Is Intel *really* required?

Discussion in 'iOS Programming' started by huntercr, Oct 22, 2008.

  1. huntercr macrumors 65816

    Joined:
    Jun 6, 2006
    #1
    I'm just getting started in iPhone development and I've got a PowerPC G5... before I waste my time trying to shoehorn this, is anyone else successfully developing on a PowerPC?

    Since Xcode 3.1.1 operates just fine on PowerPC systems, is there really anything keeping the iPhone Dev kit from working?

    I keep reading "officially" unsupported. Can anyone confirm that they have it working? I can't understand why documentation would say "officially" if it wasn't possible :)
     
  2. johnnybluejeans macrumors 6502

    Joined:
    Jan 16, 2006
    Location:
    New York, NY
    #2
    I've heard of developers working on non-intel machines. From what I understand the sdk installer comes as a universal binary. Anyway, I don't have any details for you, just giving you hope. :D
     
  3. marcpage macrumors newbie

    Joined:
    Oct 14, 2008
    #3
    I tried to install on a G4 eMac (both modifying the installer to skip the intel check and using Pacifist). I could not get it working. But some people have had success, so I guess it can be done.
     
  4. PhoneyDeveloper macrumors 68030

    PhoneyDeveloper

    Joined:
    Sep 2, 2008
    #4
    If you google you'll find some reports of how to do this.
     
  5. huntercr thread starter macrumors 65816

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    Jun 6, 2006
    #5
    I'm back with an update!

    Yes, you were right here was good info around the net.
    I finally got it all working on my G5.

    For anyone else who tries to do this, be prepared for a very long journey. Part of this is due to what I consider a bug in pacifist ( or the Apple packager purposely breaking pacifist ) when you unpack all the iPhone related files it puts them all in their own subfolders named after the package, and will not put it in the "right" location no matter what you specify the destination folders as. So you have to manually sync the folders yourself. ( I did this by unpacking them all into their own subfolder and then using rsync to synchronize them )

    Getting things to compile right and work on the simulator was not half as bad, but there is conflicting advice on the internet about this with a couple of steps missing.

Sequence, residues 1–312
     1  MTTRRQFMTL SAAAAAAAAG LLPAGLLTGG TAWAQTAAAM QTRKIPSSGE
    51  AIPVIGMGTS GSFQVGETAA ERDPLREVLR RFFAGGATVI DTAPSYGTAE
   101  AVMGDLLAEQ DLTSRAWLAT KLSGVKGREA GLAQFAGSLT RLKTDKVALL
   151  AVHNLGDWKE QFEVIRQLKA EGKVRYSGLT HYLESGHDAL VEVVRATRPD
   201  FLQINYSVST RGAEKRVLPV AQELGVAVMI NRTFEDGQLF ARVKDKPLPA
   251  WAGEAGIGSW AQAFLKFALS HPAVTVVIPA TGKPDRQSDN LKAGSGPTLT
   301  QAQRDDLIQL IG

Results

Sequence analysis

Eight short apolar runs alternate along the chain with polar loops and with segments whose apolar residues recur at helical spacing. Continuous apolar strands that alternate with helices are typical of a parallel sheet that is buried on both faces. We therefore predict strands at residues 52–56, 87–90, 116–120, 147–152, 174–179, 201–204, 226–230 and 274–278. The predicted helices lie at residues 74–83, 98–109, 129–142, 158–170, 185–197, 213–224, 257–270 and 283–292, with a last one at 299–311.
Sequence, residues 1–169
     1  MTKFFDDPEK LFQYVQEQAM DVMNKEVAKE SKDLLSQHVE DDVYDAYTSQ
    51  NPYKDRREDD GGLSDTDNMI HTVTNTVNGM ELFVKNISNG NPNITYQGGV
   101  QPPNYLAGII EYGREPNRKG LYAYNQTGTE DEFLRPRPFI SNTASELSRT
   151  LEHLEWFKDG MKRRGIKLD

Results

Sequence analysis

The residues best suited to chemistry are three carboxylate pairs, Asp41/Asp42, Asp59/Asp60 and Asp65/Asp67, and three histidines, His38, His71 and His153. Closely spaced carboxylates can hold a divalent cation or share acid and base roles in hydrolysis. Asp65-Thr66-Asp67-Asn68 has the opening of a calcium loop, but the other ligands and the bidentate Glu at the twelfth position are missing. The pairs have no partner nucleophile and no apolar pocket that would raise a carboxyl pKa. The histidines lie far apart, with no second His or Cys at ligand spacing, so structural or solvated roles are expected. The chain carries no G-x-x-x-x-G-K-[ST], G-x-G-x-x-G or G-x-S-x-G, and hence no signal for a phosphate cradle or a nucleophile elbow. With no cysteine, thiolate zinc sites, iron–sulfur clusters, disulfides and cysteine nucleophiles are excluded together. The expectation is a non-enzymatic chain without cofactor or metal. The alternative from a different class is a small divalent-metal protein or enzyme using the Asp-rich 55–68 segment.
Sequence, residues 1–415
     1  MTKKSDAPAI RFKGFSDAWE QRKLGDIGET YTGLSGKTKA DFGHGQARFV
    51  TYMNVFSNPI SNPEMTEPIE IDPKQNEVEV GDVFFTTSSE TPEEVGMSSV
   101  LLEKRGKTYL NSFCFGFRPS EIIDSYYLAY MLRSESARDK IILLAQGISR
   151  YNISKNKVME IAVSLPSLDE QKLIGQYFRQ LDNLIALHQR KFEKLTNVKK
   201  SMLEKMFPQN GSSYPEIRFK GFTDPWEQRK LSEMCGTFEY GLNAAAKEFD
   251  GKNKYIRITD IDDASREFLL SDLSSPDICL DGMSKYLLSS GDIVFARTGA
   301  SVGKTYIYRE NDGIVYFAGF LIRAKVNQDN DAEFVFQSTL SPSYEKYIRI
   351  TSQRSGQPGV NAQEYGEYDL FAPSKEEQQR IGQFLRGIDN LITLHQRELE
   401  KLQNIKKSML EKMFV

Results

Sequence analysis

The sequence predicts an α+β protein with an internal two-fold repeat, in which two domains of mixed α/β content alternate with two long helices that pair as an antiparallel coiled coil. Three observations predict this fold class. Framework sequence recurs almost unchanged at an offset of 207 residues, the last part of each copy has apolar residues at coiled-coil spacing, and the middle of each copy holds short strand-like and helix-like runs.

I'll try to get around to posting a work flow here if it's allowed. I don't understand why Apple doesn't want me to use my G5 ( Dual1.8GHz 3.5GB memory ) for iPhone development when it is not only possible, it performs very nicely.
     
  6. firewood macrumors 604

    Joined:
    Jul 29, 2003
    Location:
    Silicon Valley
    #6
    They likely don't have anyone testing that this actually works before each new SDK release, so there may be subtle bugs (with installation, configuration, endianess, etc.)
     
  7. huntercr thread starter macrumors 65816

    Joined:
    Jun 6, 2006
    #7
    Well, that makes sense, and I'm sure it's the legal group that forced this, but remember the rest of Xcode is still approved an supported for PPC architecture ... making the iPhone SDK intel only is simply silly. Xcode is meant to handle binaries of any processor architecture( supported by the compiler of course ) . It's only a coincidence that they only happen to have incorporated Intel and PPC. They could roll in any other suitable architecture as long as it is GCC supported.

    I'm sure you're right though... they don't want to waste resources on debugging oddities. I wish they would just release a special PPC installer that has a EULA that says "if you use the PPC version, we won't help you in any way"

    Oh well, I'm happy! Hopefully with my first iPhone App I['ll be able to buy a new Intel Mac, and close the loop. :)
     
  8. DreamPod macrumors 65816

    DreamPod

    Joined:
    Mar 15, 2008
    #8
    The Simulator only runs Intel code, which is why it requires an Intel Mac. When building for the simulator, you are creating an x86 app.
     
  9. firewood macrumors 604

    Joined:
    Jul 29, 2003
    Location:
    Silicon Valley
    #9
    The Simulator is only documented and supported to run Intel ia32/x86 ISA code. Run the lipo -info command on it, and you may find that it is actually built for more than one architecture.

    .
     
  10. Encryptic macrumors member

    Joined:
    Jul 27, 2008
    #10
    Simulator works on my old iBook G4 that I hacked up the SDK to work with... (That's all though, no code signing which means no debugging on a real iPhone)

    For what it's worth, buying a Mac Mini to do iPhone development was what I had to do.
     
  11. huntercr thread starter macrumors 65816

    Joined:
    Jun 6, 2006
    #11
    Actually this is not true. There are instructions on the net for adding PPC as a valid arch for the simulator [ and it works :) ]
     
  12. huntercr thread starter macrumors 65816

    Joined:
    Jun 6, 2006
    #12
    That was the plan for myself as well. I'll probably buy a refurbished iMac or Mini once I get to that stage. I don't even own an iPhone ( or a Touch ) yet, so I have to take baby steps. :)

    I'm currently learning Cocoa and Objective C still... I've had 12 years of coding experience in C from a predominantly UNIX background, and I knew I would have a steep learning curve at the beginning. Even working in Xcode and Interface builder is completely alien to me, and shedding my old ways is really hard :)
     

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